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Tracklist: 1. Torn 5:33 2. Sorrow 3:50 3. Left Behind 3:16 4. The Modern Day 4:54 5. A Frozen Escape 3:51 6. Behind the Disguise 4:16 7. Holding Into Emptiness 4:53 8. Into Eternity 4:07 9. Speak Of the Dead 3:58 10. Silence Through Virtue 4:50 Line-up: Tim Roth - lead vocals, guitar Daniel Nargang - guitar Chris Mc-Douglas - keyboards Jim Austin - drums, vocals Scott Krall - bass, vocals All songs written, arranged & performed by Into Eternity. All lyrics written by Tim Roth. Produced by Into Eternity and Grant Hall. Recorded and mixed by Grant Hall May to October '98 at "Touchwood" studios, Regina, SK, Canada. Mastered by Grant Hall and Into Eternity in 1999.
Prologue. Judging from the fact that all the three first albums, released by the Dutch "DVS" recording company, contain musical material that sounds heavy and interesting, I can guess that the label's strategy is mainly based on the work with performers of the Progressive Metal camp. Of course, it's too early to look into the label's future, though the first steps (stages, I hope so) that DVS took, look promising. Just lately, I was complaining to myself that, having a lot of stuff of the Classic (Art-Rock) Progressive genre, I miss on good Jazz-Fusion and Prog-Metal. Thank God! A few days ago I received three CDs from the US' "Buckyball Records" (which, being formed by one of the Brand X members, became a home-label for all the four members of the latest / current line-up of this British Jazz-Fusion Legend, apart from others), and yesterday I found the same number of "heavy" CDs in a package from "DVS". Accidentally, I started reviewing the DVS ProGductions with the debut album of Canadian band Into Eternity, though this is the label's second release. If it's always too early to look into even the nearest future, it can't be too late to return to any material thing from the past if that thing is near you and you're alive at the moment (of the return to it).
The Album. After a few listens to the album I've read a musical horoscope of it, though, sometimes it reminds me of horror-scope. All the ten songs that feature Into Eternity's self-titled debut album were, on the whole, composed and performed within the frame of united stylistic sphere. This is the first favourable aspect, though an injurious effect, which an old star system Thrash influences on a new entity, decreases, to a certain extent, the positive qualities of said aspect. The influence of the Eighth House (of Death), being directed straight to a new entity, can just kill it like a Scorpio (who lives in that House), but fortunately, the beam of Death's rays can't breach the metallic armour of Thrash, so just a few separate rays of Death penetrated deep into the entity, whose actual intention is to penetrate Into Eternity. The latter is the hardest way of all conceivably hard ways, though, but using an opposition of two old systems with skill, it's possible to penetrate into Earthly Prog-Metal-heads, and there are thousands of them all over the world. So, playing quite an intriguing amalgam of moderately complex traditional Progressive Metal, fast Techno-Thrash and some tricks typical for Death-Metal, already on the debut album, these brave Canadian music warriors can at least believe in the band's radiant future, especially since most of the premises for it are created on their debut album. More or less regular changes of high-speed thrashing themes with slow and brooding ones and others, a lot of the mid-long fast guitar solos and just a couple yet incredibly long and tasteful keyboard and guitar solos, as if running against each other (on Speak Of the Dead) make 'Into Eternity' one of the most noticeable Prog-Metal albums of the year. At the first listen, it seems that although Tim Roth uses his vocal parts to good effect, he does it in as if a laid-back sort of way to all the instrumental battles (while death-ish roars of one of the two additional vocalists always spoils Tim's meditative singing in time). Actually, this obvious contrast between aggressive instrumental structures and kind of melancholic vocals is one of the album's trumps. However, all unexpected invasions of such soft and touching things as beautiful passages of the acoustic guitar (as intros to Sorrow and Into Eternity itself and diverse, brilliant interplays between two acoustic guitars in the middle of the same title-track), as well as short yet bright plays of keyboards here and there on each of the songs, I find the most impressive episodes on "Into Eternity". There are also two counterpoints on the album - the iron-heavy, totally hard-edged and fast Torn and a nice Prog-ballad A Frozen Escape, full not only of calm vocals, but also of wonderful roulades of the acoustic guitar, especially in the middle, instrumental part of the song.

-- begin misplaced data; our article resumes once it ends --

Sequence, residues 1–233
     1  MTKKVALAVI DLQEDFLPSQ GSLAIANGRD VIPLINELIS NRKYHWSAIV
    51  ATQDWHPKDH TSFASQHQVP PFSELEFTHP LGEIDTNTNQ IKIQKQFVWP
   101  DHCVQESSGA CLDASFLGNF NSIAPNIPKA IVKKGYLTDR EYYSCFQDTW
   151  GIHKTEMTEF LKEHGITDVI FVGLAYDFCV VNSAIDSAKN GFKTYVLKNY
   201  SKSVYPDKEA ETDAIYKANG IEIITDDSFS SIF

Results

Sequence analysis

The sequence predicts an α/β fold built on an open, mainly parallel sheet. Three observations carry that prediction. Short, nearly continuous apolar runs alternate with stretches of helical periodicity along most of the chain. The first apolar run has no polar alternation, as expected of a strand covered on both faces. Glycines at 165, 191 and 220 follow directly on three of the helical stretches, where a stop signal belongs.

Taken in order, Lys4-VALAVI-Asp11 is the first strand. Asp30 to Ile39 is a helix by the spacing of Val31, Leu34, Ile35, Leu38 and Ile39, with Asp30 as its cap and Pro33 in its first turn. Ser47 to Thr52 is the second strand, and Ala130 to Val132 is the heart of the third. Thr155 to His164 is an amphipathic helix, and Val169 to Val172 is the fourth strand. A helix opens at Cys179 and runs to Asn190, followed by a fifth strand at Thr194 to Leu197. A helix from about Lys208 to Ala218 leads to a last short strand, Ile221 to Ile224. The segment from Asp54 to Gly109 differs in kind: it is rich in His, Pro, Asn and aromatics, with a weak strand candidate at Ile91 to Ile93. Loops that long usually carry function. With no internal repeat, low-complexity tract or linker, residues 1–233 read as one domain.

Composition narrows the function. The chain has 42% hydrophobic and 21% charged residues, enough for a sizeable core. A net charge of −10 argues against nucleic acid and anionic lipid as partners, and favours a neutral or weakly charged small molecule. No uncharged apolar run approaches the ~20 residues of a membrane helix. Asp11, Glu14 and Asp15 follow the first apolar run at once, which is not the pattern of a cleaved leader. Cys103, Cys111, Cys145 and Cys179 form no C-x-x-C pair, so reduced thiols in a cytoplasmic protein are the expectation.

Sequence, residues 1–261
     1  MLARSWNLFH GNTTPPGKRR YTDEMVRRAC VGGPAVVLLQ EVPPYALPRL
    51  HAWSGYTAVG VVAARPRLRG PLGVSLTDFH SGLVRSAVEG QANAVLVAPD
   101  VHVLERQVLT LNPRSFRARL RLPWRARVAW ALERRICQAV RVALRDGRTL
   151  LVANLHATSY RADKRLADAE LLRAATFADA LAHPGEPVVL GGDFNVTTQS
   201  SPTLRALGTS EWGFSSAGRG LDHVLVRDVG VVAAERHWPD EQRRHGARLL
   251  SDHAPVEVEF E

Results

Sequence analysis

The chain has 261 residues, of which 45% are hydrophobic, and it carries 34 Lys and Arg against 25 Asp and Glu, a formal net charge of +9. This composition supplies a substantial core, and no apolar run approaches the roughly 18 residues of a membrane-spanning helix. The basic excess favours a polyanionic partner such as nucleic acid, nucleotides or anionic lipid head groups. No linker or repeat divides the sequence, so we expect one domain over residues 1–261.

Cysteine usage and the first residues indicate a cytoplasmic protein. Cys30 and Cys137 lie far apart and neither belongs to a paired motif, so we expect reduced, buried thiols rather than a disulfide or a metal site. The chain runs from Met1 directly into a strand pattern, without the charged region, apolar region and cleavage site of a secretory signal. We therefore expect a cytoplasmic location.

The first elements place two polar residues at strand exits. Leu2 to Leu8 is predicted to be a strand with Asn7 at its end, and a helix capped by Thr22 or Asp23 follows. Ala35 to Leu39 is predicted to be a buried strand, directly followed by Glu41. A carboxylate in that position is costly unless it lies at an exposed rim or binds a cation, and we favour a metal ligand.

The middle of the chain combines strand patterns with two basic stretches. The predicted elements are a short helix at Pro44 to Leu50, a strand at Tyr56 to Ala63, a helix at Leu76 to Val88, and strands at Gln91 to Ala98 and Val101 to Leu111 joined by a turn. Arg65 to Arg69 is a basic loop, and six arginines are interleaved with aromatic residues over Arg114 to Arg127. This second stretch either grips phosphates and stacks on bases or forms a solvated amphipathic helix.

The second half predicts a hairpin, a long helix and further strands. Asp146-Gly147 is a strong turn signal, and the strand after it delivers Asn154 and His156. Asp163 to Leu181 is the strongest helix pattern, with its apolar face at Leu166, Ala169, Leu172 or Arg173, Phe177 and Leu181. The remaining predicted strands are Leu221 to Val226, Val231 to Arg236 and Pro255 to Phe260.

Summary. More interesting than any of your typical Neo Prog-Metal albums, slightly less complex than most of your typical Classic Prog-Metal albums, "Into Eternity" is a strong and very promising debut. I think the band can reach the cult status, most likely, already in the near future.
VM. August 29, 2001
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